But who cares what other people think, I just love the food.
Now, I learned to cook from this book as a new husband in charge of meals with a vegetarian wife. It's been about a year, probably close to 100 various recipes cooked (many repeated repeatedly), and I'm still excited to try new ones (Doubles is on the menu tonight) and I love going back again and again to find out what to do with asparagus when I find it on sale.
I cook straight from her directions and most often things have come out tasty and memorable and begging to be cooked again. In the beginning I stuck with things that looked pretty easy to me, like stews--I do have the luxury of having lots of time to soak and boil beans, which everyone talks about. Often time-consuming, sure, but I haven't found that the required culinary skills have taxed my limited experience and (limited) common sense. If you want to cook this food and are willing to put in the time and effort, you won't be disappointed.
Like I said, I just get the right ingredients (unfortunately fresh curry leaves seem to be one item I can rarely find, but tamarind, dried whole red chilies, mirin, etc. have all turned up on enjoyable visits to local ethnic food stores), leave myself time for prep and follow her instructions, and I get treated like a star. Hey, it's just a good recipe.
No, not everything has been earth-shattering. But I'm not sure of the heights plain bulgur and lentils could achieve, either. And some are forgettable, or worse.Read more ›
The cookbook is divided into 6 main sections, with major ingredients organized in alphabetical order: 1) Dried Beans, Dried Peas, Lentils, and Nuts (azuki beans to urad beans); 2) Vegetables (artichokes to turnips); 3) Grains (barley to wild rice); 4) Dairy (eggs to yogurt); 5) Soups, Salads, and Drinks (cold soups to sweet soups); 6) Sauces and Added Flavorings (chutney to spice mixtures). Each ingredient is discussed in detail as are basic cooking and preparation instructions, such as peeling daikon, sprouting mung beans, and making basic polenta. As with all her cookbooks, Jaffrey's recipes are written clearly and easy to follow. In addition, each recipe has an introductory paragraph, where she explains some of the ingredients, tells why she loves the recipe, gives hints about good accompanying dishes, and so forth. Reading her recipes is like being in the kitchen with a good friend.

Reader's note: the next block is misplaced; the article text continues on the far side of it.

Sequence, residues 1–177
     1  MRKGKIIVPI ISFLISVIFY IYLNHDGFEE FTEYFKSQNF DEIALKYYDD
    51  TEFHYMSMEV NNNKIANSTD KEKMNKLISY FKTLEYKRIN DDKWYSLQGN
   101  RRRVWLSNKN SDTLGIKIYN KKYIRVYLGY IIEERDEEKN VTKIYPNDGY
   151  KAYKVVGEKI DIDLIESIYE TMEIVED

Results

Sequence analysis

The final section is an extensive glossary that describes needed equipment and foreign ingredients. Finally, Jaffrey includes a one-page summary of places to find unusual cooking resources.Read more ›
Most Recent Customer Reviews
This book is wonderful because it has a great variety of recipes for both the inexperienced cook(such as myself) and the kitchen maestro. Read morePublished 1 month ago by Amazon Customer
This is an amazing book full of recipes for every vegetable and legume that you can imagine. I've already made more than half a dozen veggie dishes from this book. Read morePublished 1 month ago by MrsICP428
One of my all time favorite books for veg cooking. It is organized by type of vege/bean/rice etc so I can find recipes for the particular veg that is in season. Read morePublished 2 months ago by Thatcher V. Hayward
This is a cookbook everyone should have, even if you are not a committed vegan/vegetarian. There is an amazing variety of recipes from all over the world, and most are quite... Read morePublished 2 months ago by Amazon Customer
I am not entirely happy with some of the order of steps this book uses compared to other books, and sometimes it feels recipes focus too much on higher end ingredients. Read morePublished 2 months ago by Echo Lemming
I have seen the author on a PBS cooking show, which is how I first heard of her. I was excited to buy her cookbook and have found her recipes easy to follow, once you have all the... Read morePublished 4 months ago by 2millibros
This is my favourite cookbook ever! I use it all the time.
I love the way she explains the background to the different ingredients and various ethnic cuisines that she... Read more